Pickup Rings Available

I had several problems to overcome, To say the least:

  • The hardest one was reproducing the Les Paul's tonality without the inherent Les Paul  muddiness.

  • Reproducing a single coil Stratocaster and Telecaster sound without sacrificing the unity gain.

  • The Rickenbacker's jangly 60's sound was impossible to reproduce, believe me I tried and failed.  I was able to achieve a wimpy version  when the guitar was equipped with an older style piezo electric system.  For all intents and purposes though,  you would still need a Rickenbacker to achieve that tone.

  • Getting pickups that would not go muddy at high volume clean settings.

  • Pickup placement, height and spacing between themselves.

  • Mounting the pickups to the guitar so that the passive vibration of the pickup would match the passive vibration of the guitar body. (Spring loaded traditionally mounted pickups are the cause of muddiness)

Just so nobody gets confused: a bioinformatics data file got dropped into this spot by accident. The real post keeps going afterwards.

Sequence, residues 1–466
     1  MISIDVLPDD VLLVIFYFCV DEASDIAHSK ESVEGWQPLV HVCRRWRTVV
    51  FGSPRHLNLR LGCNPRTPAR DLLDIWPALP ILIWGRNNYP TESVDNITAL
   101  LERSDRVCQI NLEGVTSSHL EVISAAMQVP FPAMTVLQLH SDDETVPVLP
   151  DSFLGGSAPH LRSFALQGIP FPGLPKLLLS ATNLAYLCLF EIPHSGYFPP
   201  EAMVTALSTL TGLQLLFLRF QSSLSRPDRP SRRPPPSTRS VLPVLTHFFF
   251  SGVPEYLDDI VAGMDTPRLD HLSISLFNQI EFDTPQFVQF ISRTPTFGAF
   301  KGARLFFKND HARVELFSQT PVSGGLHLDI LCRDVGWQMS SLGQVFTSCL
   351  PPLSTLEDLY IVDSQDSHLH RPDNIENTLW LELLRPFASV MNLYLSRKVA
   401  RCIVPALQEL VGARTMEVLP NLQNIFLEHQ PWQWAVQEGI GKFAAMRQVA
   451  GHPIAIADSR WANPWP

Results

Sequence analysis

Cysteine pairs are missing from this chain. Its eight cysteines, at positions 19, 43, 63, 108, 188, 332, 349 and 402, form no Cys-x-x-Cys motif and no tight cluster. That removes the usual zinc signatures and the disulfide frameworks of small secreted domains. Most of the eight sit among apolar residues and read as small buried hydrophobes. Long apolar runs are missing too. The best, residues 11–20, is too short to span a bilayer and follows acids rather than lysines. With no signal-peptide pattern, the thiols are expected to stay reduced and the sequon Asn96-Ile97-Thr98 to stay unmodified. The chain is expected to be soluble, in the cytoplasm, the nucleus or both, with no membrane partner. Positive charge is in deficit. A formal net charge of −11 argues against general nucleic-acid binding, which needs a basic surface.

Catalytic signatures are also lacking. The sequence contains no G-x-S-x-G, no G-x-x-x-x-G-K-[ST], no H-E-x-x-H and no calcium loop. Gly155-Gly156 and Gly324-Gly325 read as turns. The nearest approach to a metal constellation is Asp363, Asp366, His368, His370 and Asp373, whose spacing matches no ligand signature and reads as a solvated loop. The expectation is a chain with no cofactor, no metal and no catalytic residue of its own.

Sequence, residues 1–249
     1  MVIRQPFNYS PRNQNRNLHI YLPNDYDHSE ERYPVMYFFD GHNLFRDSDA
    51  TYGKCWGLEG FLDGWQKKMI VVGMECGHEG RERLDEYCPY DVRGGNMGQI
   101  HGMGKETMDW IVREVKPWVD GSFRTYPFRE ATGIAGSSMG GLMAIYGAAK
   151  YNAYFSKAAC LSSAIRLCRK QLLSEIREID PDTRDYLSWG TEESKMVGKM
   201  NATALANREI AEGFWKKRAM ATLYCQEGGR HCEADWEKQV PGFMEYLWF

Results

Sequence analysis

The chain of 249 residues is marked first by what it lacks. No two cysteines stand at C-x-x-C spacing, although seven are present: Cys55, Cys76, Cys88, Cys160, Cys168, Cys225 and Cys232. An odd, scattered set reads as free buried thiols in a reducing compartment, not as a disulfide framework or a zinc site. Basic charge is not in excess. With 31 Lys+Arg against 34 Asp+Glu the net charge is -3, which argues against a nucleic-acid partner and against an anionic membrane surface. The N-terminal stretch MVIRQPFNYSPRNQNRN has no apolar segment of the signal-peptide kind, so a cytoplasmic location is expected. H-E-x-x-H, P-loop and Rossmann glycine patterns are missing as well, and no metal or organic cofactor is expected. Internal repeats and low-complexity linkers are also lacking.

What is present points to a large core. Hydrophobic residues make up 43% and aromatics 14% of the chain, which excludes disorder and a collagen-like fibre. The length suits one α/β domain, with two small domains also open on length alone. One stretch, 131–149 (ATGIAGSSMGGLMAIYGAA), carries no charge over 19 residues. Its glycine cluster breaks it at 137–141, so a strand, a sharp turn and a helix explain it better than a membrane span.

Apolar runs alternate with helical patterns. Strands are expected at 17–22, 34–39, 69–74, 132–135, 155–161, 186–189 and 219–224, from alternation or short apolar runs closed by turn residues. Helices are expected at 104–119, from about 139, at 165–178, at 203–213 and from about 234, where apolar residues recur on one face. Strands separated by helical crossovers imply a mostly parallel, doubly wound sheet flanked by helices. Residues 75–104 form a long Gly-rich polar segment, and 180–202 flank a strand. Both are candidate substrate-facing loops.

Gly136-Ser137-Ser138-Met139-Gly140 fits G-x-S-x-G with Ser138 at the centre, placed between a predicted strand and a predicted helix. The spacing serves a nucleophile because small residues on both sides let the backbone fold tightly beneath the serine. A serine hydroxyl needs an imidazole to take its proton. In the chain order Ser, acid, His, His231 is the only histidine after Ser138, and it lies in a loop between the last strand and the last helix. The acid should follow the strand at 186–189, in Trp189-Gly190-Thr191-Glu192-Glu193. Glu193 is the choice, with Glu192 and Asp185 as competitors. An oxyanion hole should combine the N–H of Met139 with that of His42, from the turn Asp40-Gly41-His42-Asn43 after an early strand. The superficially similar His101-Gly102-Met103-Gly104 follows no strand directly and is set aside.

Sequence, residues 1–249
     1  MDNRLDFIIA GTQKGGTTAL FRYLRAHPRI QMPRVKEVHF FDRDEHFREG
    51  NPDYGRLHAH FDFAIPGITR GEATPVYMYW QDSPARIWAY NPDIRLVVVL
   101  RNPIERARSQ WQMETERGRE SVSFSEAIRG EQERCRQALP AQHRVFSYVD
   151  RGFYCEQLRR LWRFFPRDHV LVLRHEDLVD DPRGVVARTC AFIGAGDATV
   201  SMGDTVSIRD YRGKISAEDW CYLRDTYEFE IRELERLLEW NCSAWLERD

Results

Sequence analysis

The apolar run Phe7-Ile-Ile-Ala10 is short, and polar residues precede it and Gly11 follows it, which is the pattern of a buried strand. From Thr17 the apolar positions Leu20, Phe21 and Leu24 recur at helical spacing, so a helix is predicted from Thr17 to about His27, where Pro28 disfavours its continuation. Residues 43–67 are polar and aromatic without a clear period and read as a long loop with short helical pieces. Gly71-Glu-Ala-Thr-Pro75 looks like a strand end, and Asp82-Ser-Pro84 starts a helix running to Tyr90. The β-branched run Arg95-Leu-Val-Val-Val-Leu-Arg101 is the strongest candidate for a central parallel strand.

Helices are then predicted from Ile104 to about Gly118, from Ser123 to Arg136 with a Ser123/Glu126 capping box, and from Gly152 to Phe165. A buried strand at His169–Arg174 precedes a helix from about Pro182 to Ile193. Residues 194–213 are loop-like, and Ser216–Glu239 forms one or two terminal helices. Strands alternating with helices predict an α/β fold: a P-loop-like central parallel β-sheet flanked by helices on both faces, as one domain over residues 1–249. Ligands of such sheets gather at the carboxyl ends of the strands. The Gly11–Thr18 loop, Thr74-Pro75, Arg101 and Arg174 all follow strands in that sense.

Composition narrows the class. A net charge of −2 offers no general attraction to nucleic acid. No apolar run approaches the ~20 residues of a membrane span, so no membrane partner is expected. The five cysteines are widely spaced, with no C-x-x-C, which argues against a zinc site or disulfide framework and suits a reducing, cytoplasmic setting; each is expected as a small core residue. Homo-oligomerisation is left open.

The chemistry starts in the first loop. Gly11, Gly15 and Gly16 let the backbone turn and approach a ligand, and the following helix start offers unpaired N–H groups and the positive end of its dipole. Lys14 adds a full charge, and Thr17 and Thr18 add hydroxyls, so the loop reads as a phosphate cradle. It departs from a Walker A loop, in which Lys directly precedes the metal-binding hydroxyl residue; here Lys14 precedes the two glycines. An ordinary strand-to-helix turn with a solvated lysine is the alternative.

• Dead spots on the neck had to be dealt with. A real problem on a long thin neck.

2. Playability
I played with several different size neck tapers, different thickness and radiuses. I experimented with different finishes on the neck and fingerboard and I spent hundreds of hours on the heart of the guitar (The Neck Joint).  I concluded that there had to be a multitude of necks available. When a customer orders a Quicksilver, there will be a short consultation with myself and the customer regarding exactly what the customers requirements are. The customer will be advised on all the options and the neck will be constructed using the information from that conversation. The reach to the high frets had to be absolutely effortless.  The problem here was that PRS had a body cove trademarked on the lower bout.  I thought I was going to need that for comfort.  I was quite happy to discover that by coving out the back part of the lower bout it actually worked better.

3. Aesthetic Beauty
Obviously the guitar had to be beautiful, Otherwise it would never sell.